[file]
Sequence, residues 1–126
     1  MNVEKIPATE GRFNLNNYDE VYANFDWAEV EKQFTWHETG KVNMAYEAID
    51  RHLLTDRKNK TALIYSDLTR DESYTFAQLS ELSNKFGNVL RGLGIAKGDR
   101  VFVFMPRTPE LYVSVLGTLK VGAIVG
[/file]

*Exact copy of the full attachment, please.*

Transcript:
Sequence, residues 1–126
     1  MNVEKIPATE GRFNLNNYDE VYANFDWAEV EKQFTWHETG KVNMAYEAID
    51  RHLLTDRKNK TALIYSDLTR DESYTFAQLS ELSNKFGNVL RGLGIAKGDR
   101  VFVFMPRTPE LYVSVLGTLK VGAIVG